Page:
By Sue Careless
By a hair’s breadth, a single clergy vote, the Anglican Church of Canada has defeated the motion to change its law to allow for same-sex marriage.
Because the motion to change the marriage canon was considered a matter of doctrine, it required a two-thirds majority in all three orders. It passed in the order of bishops by 68.42 percent and in the order of laity by 72.22 percent, but not in the order of clergy. There it received only 66.23 percent, meaning it was 0.43 percent shy of the two-thirds majority.
In a statement earlier this year, bishops had written that they did not expect such a measure to pass in their order. As it turned out, 26 bishops voted for the motion and only 12 opposed it.
The vote came after a five-hour legislative session July 11, during which more than 60 delegates spoke passionately but respectfully for and against the motion. Indigenous delegates tended to speak against the motion and more youth delegates than in recent synods spoke supporting a traditional view of marriage.
A solemn Evensong was held after the vote, but before the session was formally closed the Rt. Rev. John Chapman, Bishop of Ottawa, moved a motion calling for a reconsideration of the vote because of its closeness. This would be not a recount but a new vote.
The motion for a new vote, which also required a two-thirds majority by the synod voting as a whole, was also narrowly defeated, with 64.3 percent in favor.
Finally, at nearly 11 p.m., the session was closed and delegates, some weeping, left the hall. Primate Fred Hiltz remained for some time to comfort those who wished to gather with him.
Two Dioceses Proceed
During the night two bishops issued statements saying they would in fact allow same-sex marriages in their dioceses, following the legal advice of David Jones, General Synod’s chancellor. Jones said earlier that defeating the motion did not prohibit same-sex marriage.
The Rt. Rev. Michael Bird, Bishop of Niagara, quoted the chancellor’s judgment that the marriage canon “does not contain either a definition of marriage or a specific prohibition against solemnizing same-sex marriage.” Moreover, “Anglican conventions allow bishops to authorize ‘liturgies to respond to pastoral needs within their dioceses, in the absence of any actions by this General Synod to address these realities.’
“Accordingly, and in concert with several other bishops of the Anglican Church of Canada, it is my intention to immediately exercise this authority to respond to the sacramental needs of the LGBTQ2 community in the Diocese of Niagara,” Bird said.
Bird said he would authorize two liturgies approved by the Episcopal Church’s General Convention (The Witnessing and Blessing of a Marriage and The Celebration and Blessing of a Marriage 2) for use in his diocese.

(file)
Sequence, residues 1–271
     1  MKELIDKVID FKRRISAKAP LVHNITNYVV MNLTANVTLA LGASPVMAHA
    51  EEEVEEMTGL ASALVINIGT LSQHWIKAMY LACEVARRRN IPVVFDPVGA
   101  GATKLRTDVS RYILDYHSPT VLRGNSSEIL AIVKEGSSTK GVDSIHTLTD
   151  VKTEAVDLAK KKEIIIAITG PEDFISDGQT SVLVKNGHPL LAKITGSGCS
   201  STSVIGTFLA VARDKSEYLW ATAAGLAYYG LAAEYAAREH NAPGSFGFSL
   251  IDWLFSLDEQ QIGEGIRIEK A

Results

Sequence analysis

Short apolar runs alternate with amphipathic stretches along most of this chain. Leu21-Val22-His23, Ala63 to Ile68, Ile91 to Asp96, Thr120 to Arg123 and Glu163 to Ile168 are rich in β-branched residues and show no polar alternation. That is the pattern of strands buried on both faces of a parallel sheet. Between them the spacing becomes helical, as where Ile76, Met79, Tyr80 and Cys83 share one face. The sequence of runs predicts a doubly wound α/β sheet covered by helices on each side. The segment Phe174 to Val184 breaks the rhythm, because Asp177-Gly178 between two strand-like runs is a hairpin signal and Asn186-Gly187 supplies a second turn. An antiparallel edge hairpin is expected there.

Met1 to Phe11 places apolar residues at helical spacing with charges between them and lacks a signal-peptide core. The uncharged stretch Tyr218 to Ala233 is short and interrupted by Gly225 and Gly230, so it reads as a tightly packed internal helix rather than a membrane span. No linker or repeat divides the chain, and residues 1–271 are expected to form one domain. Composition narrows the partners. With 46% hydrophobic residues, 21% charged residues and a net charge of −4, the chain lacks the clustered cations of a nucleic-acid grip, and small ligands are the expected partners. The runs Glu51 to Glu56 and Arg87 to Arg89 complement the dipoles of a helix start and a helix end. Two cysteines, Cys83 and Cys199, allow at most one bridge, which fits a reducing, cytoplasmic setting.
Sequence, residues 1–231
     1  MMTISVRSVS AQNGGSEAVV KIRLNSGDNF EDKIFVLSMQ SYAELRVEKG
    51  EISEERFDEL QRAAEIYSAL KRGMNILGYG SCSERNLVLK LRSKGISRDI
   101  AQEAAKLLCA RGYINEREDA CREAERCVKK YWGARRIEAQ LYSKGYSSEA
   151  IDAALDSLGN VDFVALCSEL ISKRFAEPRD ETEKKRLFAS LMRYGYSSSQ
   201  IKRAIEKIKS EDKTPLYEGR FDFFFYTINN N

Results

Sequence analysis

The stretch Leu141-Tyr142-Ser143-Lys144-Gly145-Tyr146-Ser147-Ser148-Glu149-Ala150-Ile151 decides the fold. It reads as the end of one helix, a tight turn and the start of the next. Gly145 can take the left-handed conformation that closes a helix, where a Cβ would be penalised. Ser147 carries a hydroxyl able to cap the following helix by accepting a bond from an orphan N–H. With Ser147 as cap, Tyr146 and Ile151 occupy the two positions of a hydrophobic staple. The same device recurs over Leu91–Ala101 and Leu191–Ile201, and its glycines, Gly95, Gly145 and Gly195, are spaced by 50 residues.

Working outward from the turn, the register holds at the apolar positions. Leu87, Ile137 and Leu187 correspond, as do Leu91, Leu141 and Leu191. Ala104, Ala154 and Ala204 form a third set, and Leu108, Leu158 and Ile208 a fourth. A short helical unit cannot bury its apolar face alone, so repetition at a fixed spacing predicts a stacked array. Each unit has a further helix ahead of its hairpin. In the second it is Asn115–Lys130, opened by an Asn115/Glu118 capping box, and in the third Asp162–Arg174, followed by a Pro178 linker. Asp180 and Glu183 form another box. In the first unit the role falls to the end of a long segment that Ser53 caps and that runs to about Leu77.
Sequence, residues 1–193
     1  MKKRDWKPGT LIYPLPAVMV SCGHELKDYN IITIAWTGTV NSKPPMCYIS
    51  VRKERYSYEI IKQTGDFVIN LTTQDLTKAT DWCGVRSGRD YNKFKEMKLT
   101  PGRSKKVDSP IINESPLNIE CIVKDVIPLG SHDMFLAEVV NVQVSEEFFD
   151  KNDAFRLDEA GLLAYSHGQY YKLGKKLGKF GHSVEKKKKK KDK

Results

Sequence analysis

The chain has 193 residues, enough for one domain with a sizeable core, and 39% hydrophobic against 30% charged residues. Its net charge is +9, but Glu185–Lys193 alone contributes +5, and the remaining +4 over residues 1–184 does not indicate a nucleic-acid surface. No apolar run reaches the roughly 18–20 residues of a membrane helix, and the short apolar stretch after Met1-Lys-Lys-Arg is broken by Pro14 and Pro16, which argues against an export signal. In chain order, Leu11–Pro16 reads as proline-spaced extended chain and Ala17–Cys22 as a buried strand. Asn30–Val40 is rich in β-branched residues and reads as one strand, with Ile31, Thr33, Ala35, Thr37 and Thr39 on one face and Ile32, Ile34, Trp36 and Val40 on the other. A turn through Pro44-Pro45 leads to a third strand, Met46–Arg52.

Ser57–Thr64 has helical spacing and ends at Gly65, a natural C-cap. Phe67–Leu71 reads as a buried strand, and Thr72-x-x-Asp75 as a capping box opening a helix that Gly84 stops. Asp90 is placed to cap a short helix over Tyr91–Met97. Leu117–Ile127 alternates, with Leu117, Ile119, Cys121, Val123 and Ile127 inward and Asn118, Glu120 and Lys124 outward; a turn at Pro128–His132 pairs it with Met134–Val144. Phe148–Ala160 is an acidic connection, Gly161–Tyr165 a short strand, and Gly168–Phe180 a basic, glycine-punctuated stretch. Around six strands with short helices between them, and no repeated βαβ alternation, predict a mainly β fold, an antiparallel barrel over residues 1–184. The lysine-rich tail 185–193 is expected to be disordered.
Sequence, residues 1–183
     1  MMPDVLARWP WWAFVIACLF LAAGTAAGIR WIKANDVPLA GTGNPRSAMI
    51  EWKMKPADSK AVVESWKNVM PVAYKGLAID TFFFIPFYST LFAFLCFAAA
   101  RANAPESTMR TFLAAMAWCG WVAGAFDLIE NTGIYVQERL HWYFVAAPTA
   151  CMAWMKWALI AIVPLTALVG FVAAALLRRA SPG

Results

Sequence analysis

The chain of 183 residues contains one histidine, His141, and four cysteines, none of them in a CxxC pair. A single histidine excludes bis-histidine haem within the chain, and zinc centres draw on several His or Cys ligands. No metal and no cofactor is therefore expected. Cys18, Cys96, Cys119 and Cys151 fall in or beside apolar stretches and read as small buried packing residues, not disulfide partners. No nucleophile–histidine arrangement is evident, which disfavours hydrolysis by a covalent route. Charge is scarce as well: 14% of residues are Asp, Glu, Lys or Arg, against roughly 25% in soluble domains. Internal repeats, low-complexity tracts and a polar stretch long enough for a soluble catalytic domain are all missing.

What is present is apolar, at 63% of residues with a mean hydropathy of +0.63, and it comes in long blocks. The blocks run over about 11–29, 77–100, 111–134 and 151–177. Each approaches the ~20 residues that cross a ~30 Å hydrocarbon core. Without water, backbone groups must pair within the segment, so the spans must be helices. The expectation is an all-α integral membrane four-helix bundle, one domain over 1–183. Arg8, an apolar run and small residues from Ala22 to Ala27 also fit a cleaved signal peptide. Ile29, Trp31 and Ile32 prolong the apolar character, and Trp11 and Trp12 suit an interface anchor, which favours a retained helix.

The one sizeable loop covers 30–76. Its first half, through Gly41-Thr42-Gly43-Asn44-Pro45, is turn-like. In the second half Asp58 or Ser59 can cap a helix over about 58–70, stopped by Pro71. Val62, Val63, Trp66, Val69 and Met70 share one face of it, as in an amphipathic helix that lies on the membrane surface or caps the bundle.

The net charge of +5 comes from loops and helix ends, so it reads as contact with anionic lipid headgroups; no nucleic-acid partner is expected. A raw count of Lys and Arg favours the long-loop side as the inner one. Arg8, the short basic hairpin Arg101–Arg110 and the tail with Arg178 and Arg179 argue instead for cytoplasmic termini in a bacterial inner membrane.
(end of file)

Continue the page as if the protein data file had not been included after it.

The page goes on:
The Rt. Rev. John Chapman, Bishop of Ottawa made a similar promise: “It is my intention, in consultation with and in partnership with a number of other diocesan bishops, to proceed with same-sex marriages immediately within the Diocese of Ottawa.
“While no clergy will be required to officiate at a same-sex marriage, those willing may do so with my permission. This is a pastoral decision that is necessary at this time in our history as a diocese and as a church.”
In a videotaped statement, the Most Rev. Colin Johnson, Archbishop of Toronto, was inclined in the same direction:
“The integrity and sanctity of same-sex relationships was affirmed by our church in 2004. I know there will be some among you who will disagree with me, but I do believe that the logical next step would be to permit same-sex marriages in the church at the pastoral discretion of the bishop and with the agreement of local clergy. This is an option I will be considering in the coming weeks.”
Analysis: A Familiar Pattern
While most of the synod delegates returned to their hotels believing same-sex marriage would not be allowed in the Anglican Church of Canada, they awoke to learn of these new diocesan developments.
This follows a similar pattern regarding same-sex blessings. Since 2002 the blessing of same-sex unions has occurred incrementally in more than a third of Canadian Anglican dioceses, although General Synod has never formally authorized such blessings.
“Our work is not yet done,” a somber Hiltz said Tuesday morning. He said Bird, Chapman, and Johnson had the prerogative to authorize same-sex marriage in their dioceses.
Archbishop Hiltz also said he would issue a pastoral letter on Thursday that will be read Sunday in Anglican parishes across the country.
General Synod began its sessions on July 7 and will adjourn today.